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A Different Time (Covid-19 Lockdown)

A Different Time


To think that just over two weeks ago we were still at school chit-chatting nonchalantly about Coronavirus. Who would have thought that by the time school was to reopen, on 31 March 2020, we would have had to become more considered on an ‘outbreak narrative’ and the inner workings of a pandemic; and why this is more than just medical and health crises? Who would have thought about the consequences of supply chains disruptions and global economic anxiety? I’ve considered how ageism is making the pandemic worse. And about the 21 days - or more – of trauma for those now stuck in abusive familial settings and the dire impact on children. I have seen policeman with sjamboks, drunk on power, whipping shoppers in townships just to make people stand a metre apart and I am violently catapulted back to a late 80s vility.


Who would have thought we would have to think about the future and what changes may come? And, that a virus is demonstrating the value of globalisation and conversely giving a painful introduction to anti-globalism and its consequences.


I’ve thought about why Covid-19 is behaving in such an extreme way and, in turn have contemplated that viruses don’t endure in the world; they need bodies to survive. If the virus kills a person, the virus too, dies. Consider that for a moment. And, with it, the harsh lesson that the only things that matter in life and specifically in genetics is not ‘’the self’’ but rather how useful one’s body is at replicating and passing on genetic material. Our bodies are vessels intended to survive. That is our genetic code. This single thought is, for me, the most humbling of all.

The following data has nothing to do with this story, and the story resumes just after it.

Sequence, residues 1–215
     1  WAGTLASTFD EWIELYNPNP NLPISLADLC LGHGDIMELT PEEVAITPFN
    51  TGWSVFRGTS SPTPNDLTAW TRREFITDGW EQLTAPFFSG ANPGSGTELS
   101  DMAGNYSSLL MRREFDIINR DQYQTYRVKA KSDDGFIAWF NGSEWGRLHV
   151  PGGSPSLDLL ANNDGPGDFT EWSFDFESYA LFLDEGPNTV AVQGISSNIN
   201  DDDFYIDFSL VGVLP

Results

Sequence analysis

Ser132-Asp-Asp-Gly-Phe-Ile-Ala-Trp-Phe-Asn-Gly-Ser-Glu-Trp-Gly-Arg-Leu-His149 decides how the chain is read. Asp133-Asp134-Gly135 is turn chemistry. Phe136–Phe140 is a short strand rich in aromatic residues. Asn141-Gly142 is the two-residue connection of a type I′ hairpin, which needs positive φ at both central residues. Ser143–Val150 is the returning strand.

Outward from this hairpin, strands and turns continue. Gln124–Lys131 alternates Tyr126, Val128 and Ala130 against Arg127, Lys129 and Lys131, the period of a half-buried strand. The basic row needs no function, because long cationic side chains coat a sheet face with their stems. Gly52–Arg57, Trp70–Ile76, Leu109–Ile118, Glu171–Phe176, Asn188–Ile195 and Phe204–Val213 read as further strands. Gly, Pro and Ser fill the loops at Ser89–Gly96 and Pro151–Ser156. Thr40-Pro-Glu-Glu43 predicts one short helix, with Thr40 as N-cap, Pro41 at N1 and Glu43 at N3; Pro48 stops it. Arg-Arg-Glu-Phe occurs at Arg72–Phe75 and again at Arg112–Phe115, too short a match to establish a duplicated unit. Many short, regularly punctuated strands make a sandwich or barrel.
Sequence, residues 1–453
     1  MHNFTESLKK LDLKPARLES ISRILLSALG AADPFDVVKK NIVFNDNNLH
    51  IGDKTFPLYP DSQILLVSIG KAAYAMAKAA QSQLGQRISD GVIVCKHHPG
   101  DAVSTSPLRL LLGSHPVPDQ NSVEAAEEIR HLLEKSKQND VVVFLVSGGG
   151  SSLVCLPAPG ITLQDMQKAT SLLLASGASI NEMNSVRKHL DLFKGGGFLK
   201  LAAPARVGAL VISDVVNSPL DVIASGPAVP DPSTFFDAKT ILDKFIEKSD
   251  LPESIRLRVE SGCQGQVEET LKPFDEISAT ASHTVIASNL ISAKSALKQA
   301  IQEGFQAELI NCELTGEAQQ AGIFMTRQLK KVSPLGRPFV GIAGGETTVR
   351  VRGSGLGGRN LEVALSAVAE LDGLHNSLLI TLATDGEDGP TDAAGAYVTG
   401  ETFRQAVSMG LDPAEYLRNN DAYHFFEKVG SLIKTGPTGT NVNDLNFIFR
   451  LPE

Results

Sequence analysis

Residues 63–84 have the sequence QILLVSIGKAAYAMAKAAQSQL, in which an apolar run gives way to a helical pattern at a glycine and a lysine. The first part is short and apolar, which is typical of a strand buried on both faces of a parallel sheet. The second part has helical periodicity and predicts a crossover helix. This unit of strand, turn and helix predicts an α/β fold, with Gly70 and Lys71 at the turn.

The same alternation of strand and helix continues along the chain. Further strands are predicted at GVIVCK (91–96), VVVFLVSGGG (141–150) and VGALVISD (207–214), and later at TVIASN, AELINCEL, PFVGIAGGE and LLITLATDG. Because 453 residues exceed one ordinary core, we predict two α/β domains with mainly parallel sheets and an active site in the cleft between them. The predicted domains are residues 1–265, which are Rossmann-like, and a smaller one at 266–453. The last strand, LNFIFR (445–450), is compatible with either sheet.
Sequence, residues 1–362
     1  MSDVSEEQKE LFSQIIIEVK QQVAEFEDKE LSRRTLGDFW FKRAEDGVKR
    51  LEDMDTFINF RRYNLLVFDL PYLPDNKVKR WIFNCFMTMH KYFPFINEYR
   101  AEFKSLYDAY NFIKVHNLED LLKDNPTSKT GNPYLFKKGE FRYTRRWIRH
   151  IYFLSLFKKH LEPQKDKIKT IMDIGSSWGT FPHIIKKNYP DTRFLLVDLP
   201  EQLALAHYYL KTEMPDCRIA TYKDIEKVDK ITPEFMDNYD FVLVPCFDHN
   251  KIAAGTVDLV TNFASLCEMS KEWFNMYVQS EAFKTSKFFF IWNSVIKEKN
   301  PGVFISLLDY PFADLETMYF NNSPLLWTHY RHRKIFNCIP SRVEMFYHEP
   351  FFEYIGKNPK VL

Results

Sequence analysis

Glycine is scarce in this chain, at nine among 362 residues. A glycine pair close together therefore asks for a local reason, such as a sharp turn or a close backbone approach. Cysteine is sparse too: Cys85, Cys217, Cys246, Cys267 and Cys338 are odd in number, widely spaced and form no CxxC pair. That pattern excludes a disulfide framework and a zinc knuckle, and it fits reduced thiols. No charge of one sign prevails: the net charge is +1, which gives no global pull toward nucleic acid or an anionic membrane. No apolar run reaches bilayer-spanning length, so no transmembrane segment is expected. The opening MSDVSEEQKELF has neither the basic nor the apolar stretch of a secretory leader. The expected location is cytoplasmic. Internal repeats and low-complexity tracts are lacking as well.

Who would have thought that a pandemic would imprint itself on a global psyche? That sewer journalism is ripe and thriving. And, that so many hypotheticals would become a reality. ‘’What if?’’ has quickly become ‘’Now what?’’. And, it seems the ‘’Now what?’’ is driving a lot of the fear and anxiety.


For children, life has changed, perhaps, even more drastically than for adults. Routines have been upended. Panicked parents are driving the anxiety. Upended schedules are driving anxiety. Time itself has become unsettling and unfamiliar; an amorphous blur that is fragmented in new, staccato ways. When my own children ask me whether I am okay, I am not sure how to answer them.


From social media, I am mostly heartened by stories like those of a 101 year old Italian man who made a full recovery to walk out of an Italian hospital, and a 103 year old Chinese woman who too made a full recovery - allowing me some further indulgent existential ponderings amidst the endless doom and gloom of it all.


Of course though, once all the arm-chair philosophy is said and done, I am foremost an educator and realistically need to stay on top of this now ever-changing landscape so that our society’s young, brilliant minds can run out into the world and know they survived a global pandemic!


They became history.


Stay safe and healthy!

Bronwyn


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